To enhance and accelerate your progress on your spiritual path, you should train and develop these five strengths and implement them into your daily life. The strengths are taken from the seven-point mind training practice, and they will help build true and lasting compassion within you.

The five strengths are strong determination, familiarization, seed of virtue, taming the ego and aspiration. It is not enough to just understand these strengths, we must also make a concerted effort to implement them into our lives.

Strong determination:
Instead of sleep-walking through life, we should set our direction and then stick to it. Decide in this moment, this hour, this day, I will practice meditation and mindfulness. The more determined you are, over time, you will see your practice becomes longer and requires less effort. If we put in the effort, we will gain the desired result. If we are lazy, we will never get any benefit from the practice. We must do practice every day if we want to make progress. If you sharpen a knife a bit one day and a bit in a few days, the knife will never get sharp. The same goes for our practice.

Familiarization:
By regularly practicing compassion and mindfulness, on and off the meditation cushion, it becomes familiar territory, so it’s not such a big deal anymore. Familiarization allows our practice to become ingrained within us. It stops being a project and starts being a way of life. The more we do our practice, the more familiar it becomes and the easier it feels, so make your practice a habit.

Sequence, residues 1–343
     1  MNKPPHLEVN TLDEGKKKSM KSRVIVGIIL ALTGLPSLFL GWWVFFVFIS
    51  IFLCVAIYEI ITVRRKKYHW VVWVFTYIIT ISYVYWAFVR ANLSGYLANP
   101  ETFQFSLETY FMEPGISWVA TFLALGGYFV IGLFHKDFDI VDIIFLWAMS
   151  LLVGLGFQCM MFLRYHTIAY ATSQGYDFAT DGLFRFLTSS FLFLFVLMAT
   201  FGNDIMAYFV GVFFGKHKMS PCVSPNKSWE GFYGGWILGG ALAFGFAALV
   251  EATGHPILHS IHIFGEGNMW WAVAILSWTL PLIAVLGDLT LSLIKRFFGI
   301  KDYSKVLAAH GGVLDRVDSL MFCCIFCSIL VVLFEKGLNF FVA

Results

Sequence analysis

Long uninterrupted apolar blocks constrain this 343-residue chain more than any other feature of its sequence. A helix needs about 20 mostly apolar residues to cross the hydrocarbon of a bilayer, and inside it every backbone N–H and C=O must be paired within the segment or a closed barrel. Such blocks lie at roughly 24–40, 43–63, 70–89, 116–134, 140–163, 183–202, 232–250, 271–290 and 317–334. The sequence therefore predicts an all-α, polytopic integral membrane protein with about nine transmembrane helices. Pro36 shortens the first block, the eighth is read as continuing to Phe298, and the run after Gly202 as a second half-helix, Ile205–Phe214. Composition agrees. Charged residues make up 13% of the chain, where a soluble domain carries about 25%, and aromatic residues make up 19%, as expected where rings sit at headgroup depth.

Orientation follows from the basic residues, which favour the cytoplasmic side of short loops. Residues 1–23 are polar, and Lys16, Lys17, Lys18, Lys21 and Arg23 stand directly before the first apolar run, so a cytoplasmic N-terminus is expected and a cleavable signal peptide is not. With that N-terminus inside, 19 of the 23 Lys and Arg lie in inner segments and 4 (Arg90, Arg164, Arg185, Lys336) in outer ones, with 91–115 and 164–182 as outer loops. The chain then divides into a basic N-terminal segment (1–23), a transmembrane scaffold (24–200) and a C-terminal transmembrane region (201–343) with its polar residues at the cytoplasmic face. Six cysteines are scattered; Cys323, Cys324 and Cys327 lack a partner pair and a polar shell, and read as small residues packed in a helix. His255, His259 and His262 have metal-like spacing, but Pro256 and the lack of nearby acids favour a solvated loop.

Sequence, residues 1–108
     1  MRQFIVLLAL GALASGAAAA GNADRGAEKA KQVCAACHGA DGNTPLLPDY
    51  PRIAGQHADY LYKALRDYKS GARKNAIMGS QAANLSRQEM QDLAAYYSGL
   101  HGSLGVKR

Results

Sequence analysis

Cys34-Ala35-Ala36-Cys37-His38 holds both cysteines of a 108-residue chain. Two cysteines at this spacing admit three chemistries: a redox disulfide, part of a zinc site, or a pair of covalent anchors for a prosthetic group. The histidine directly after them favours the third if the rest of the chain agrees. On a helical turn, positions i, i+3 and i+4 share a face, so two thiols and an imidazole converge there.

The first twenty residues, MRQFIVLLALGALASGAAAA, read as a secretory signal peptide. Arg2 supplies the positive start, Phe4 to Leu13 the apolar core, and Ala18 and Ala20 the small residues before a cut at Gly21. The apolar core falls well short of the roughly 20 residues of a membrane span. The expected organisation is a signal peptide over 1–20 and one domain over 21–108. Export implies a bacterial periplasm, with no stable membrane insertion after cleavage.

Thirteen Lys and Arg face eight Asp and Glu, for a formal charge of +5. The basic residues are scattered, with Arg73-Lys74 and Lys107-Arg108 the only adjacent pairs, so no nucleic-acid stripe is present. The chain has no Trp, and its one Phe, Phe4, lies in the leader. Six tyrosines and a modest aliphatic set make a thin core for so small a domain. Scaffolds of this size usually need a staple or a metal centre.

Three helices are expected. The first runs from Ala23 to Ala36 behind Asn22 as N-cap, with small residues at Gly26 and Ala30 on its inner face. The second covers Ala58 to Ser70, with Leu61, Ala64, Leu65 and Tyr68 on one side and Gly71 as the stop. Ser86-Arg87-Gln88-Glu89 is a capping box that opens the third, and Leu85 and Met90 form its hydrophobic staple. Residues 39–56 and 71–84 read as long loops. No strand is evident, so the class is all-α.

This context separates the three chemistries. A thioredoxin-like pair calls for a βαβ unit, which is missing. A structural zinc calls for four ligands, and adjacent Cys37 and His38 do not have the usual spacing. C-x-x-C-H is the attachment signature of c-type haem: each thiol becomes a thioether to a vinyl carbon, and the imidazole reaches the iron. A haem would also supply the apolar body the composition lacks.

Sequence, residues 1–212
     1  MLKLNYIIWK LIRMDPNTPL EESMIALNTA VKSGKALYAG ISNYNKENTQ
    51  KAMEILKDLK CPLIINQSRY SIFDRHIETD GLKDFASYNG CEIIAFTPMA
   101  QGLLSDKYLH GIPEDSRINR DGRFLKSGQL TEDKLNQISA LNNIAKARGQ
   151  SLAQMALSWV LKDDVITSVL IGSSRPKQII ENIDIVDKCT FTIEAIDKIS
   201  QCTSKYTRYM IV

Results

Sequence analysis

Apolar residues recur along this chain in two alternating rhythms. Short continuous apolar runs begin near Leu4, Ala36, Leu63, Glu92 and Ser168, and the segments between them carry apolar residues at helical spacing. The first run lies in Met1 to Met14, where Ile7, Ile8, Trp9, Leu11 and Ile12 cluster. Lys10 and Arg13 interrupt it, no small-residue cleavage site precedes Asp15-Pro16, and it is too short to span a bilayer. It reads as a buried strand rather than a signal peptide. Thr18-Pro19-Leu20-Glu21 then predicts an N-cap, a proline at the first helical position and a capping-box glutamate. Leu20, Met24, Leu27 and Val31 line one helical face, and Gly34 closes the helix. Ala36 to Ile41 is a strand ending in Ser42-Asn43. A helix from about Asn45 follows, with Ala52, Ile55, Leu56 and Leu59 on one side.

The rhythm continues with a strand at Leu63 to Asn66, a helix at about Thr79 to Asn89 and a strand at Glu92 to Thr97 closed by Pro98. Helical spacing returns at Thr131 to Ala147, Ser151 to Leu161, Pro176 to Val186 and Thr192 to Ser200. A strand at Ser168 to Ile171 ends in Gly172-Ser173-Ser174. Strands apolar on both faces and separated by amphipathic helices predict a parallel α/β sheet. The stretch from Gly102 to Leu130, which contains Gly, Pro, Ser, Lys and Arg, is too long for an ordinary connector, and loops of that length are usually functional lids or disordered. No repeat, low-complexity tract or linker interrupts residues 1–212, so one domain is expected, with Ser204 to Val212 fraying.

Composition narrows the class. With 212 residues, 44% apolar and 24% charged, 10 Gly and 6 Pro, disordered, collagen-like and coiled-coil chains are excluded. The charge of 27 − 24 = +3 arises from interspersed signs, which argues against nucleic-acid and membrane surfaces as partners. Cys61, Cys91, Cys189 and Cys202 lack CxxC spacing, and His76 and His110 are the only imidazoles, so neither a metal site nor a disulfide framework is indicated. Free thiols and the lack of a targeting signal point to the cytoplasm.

Seed of Virtue:
Generosity is a virtuous seed. When we help others, protect them, teach them Dharma, we are planting a white seed of virtue. The more white seeds we plant the more they will overpower the black unvirtuous seeds we may have previously planted. You should not hesitate to benefit others in any way you can. Every kindness is worth your while, even small ones, such as feeding small birds and animals or smiling at a stranger.

Taming the ego:
We must try and let go of our unskilful, ego-driven acts, such as greed, anger, pride, jealousy and so on. We need to understand that ego is the source of all our selfish actions and thoughts. The best way to do this is with a reflection session at the end of each day. Sit somewhere quiet and reflect back over the day. You will be able to spot these unskilful, ego-driven acts as they come back to you. You can then rehearse a better way to act, so that next time you are in the same situation you will not be driven by our ego. Compassion will naturally arise once we have tamed our ego.

Aspiration:
Aspire to cultivate compassion for all, no matter what obstacles you come up against.
Aspiration is said to have three parts that are, in a way, reminders of the first four strengths:

1. the aspiration to serve all beings, however we encounter their need in our life.
2. the aspiration to remember to keep our mind open and our hearts warm.
3. the aspiration to apply our warm heart despite the chaos and obstacles that are all around us.

Every time you practice meditation or mindfulness, you should end by recommitting yourself to the service of others. You will not only be helping others, you will also be helping yourself.

If you pay attention to how you spend your time, you will be able to implement these five strengths into your daily routine. This means you will be determined to do your spiritual practice and become familiar with it. You will be planting virtuous seeds and taming your ego. Finally, you will have the aspiration to help all beings, no matter how small they are. This means your actions will no longer be ego-driven, but intentional and compassionate.

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